A. Well, there have been a couple of instances in the past, Korea, but, again, I have to remind you that there is no evidence yet that Vijender used or uses heroin. Offhand, I recall Maninder Singh, the cricketer, facing charges...more recently, Rahul Sharma. Vijender, till he is pronounced guilty, remains innocent to my mind.

Q. Shamya da, Do you believe that Vijender has taken drugs? What is your gut feeling saying? Asked by: SACHIN VASVANI

A. I really don't know, Sachin. No idea whatsoever. Heroin is certainly not a drug that does any good to a sportsperson. It's not like marijuana that works as a relaxant and helps in concentration. Or a performance-enhancer. No idea, honestly.

Q. Hi Shamya, I am a big fan of your writing ... what do have to say about this whole controversy? Do you think this is as big a story as the press is making out to be? Asked by: GD

A. Well, I suppose it would be, GD, if he is indeed guilty. Till then ... But you know how we in the media work at times. We are often in a tearing hurry to pronounce one of our icons guilty without getting into the specifics of the case. As such, a sportsperson or an actor using or peddling drugs would be a big story. That's the norm around the world. Whether we like it or not.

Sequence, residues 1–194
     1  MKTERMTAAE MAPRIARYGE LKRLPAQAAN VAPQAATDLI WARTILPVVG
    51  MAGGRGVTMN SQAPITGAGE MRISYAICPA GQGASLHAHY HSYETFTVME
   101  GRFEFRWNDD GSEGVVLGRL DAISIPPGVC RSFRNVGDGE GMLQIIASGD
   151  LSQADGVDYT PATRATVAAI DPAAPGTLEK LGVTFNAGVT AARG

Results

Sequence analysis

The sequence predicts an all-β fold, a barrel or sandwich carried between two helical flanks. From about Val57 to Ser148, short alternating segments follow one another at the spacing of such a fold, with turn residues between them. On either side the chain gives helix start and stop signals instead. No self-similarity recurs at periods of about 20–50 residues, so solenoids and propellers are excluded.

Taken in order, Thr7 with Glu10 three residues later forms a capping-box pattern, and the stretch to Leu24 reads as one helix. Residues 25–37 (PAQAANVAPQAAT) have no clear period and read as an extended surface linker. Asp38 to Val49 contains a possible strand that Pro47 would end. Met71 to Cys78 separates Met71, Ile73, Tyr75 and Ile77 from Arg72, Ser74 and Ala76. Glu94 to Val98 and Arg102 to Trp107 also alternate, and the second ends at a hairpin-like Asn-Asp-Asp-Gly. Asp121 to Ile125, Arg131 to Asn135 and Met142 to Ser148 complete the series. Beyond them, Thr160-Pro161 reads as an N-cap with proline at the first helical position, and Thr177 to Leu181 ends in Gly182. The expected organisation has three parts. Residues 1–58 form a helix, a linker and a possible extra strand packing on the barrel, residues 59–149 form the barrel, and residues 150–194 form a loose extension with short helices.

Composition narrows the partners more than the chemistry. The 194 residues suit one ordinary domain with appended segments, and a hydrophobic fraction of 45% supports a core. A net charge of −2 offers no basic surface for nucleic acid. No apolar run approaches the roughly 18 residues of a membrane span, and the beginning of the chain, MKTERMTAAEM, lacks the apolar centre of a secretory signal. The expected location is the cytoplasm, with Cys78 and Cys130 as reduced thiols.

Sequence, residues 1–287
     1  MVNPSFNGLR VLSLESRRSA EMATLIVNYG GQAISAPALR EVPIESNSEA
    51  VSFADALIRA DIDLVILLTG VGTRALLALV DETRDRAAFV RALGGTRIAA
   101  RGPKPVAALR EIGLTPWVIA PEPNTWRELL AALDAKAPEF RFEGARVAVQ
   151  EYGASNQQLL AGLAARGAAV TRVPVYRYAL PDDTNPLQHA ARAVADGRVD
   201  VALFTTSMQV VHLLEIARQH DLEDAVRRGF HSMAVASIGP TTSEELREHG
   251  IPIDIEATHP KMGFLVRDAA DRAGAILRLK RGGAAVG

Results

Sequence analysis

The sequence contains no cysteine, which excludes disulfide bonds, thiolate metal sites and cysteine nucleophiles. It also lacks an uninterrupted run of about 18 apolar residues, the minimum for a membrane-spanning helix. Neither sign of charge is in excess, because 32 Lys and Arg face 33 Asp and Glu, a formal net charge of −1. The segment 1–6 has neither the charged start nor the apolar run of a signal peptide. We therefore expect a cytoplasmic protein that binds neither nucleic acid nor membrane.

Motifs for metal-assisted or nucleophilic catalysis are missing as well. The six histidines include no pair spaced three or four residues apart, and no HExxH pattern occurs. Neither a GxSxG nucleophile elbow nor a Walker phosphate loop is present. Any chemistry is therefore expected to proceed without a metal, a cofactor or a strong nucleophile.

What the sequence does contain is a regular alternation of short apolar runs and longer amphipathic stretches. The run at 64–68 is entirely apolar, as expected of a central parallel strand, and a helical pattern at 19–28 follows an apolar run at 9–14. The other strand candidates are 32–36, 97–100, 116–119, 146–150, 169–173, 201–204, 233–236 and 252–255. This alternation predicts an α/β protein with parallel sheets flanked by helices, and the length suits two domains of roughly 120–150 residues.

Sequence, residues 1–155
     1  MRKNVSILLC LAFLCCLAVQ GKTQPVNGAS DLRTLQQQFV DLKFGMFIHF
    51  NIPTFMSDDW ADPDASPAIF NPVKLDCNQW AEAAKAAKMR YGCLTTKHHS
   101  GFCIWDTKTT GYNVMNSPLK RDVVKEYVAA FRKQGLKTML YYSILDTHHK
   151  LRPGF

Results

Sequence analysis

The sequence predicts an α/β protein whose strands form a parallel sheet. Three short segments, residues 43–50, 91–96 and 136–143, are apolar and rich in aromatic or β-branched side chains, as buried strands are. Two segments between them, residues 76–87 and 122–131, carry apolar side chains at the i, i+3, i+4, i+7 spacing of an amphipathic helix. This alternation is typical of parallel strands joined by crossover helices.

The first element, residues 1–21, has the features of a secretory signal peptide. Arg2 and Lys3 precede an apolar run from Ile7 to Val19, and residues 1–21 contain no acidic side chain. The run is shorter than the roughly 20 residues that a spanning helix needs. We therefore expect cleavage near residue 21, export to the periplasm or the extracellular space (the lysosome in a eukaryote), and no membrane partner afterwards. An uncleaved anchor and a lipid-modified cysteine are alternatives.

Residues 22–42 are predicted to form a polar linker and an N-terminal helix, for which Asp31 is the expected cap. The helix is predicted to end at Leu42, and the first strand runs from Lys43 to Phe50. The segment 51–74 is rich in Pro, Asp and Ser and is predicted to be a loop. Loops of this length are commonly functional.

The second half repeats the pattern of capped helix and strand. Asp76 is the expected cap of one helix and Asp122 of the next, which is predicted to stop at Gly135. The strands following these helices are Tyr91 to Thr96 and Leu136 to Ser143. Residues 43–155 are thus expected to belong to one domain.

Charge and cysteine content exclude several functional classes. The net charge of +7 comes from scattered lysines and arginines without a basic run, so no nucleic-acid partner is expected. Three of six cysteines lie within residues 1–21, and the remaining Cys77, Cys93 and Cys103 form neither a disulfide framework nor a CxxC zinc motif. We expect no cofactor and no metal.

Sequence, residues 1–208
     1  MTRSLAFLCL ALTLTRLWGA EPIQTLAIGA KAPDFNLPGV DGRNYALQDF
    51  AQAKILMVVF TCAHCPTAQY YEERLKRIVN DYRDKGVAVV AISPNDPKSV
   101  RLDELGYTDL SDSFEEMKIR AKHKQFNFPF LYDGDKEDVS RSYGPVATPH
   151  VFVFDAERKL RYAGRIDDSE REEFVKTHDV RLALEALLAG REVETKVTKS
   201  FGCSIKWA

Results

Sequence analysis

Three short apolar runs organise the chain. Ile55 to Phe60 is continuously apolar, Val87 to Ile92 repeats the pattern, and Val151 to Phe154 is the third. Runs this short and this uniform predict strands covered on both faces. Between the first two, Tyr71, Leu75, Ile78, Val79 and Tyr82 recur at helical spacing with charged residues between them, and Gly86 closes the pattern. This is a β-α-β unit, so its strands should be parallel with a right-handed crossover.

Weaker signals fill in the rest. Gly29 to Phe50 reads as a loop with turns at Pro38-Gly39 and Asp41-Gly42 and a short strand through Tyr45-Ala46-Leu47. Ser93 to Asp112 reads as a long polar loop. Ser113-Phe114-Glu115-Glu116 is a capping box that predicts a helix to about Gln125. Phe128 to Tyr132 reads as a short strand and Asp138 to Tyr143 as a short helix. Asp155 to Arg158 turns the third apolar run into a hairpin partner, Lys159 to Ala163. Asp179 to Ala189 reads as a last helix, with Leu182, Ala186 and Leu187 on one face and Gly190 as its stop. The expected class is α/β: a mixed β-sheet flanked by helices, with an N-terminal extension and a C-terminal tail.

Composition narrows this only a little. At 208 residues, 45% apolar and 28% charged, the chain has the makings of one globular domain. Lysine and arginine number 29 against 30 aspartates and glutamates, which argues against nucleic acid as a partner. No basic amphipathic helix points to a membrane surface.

Q. Shammo...are you working on another book...if so when can we expect to see it? Asked by: Anil Senghera

A. Yes, but it's not a book on boxing. Should be out sometime next year. Thanks for the interest.

Q. Will they strip Vijender's title if found guilty? Asked by: The Fraudster

A. The Olympic bronze, right? You know, I'll have to check the rules for that. He hasn't been found guilty yet anyway, and even if he were guilty, I don't see it as something that helped him win the bronze. I wouldn't think his Olympic bronze or World Championship bronze would be taken away.

Q. Have you spoken to Vijender after the incident? Asked by: Mr Sethi

A. No.

Q. Vijender is considered to be an icon, surely he owes it to his fans to come clean with his statement. Clearing the air. Asked by: Ina Puri

A. But the moment you ask a question like that, it seems that you have pronounced him guilty. He isn't guilty. Yet. Maybe he has said only as much as he has because he is not guilty. At the same time, how many people do you know or have heard of who have volunteered info of their guilt before being pushed into a corner where they have had to admit to their guilt?

Q. Why can't someone rent a car? Why did Vijender have to lend his car? Asked by: Boria from Korea

A. I have no idea.

Q. Are Indian boxers not able to digest the sudden bout of fame they have got after Olympic and are moving in wrong direction? Asked by: SPY

A. That's a fair suggestion (even though Vijender's guilt has not been proven) - but we are talking about only one person, aren't we? Sudden fame does do strange things to people, but as far as Indian boxers are concerned, most of them seem to be handling it fine. Including Vijender [and I won't change my mind till his guilt is proven].

Q. Sir, how are you feeling today? You are the praiser of Vijender. You are making him famous in your famous book. Today he is upto all these tricks. Asked by: Capt Dutta

A. I hope he isn't up to any tricks. I also hope that he was famous enough and his fame helped my book more than the other way...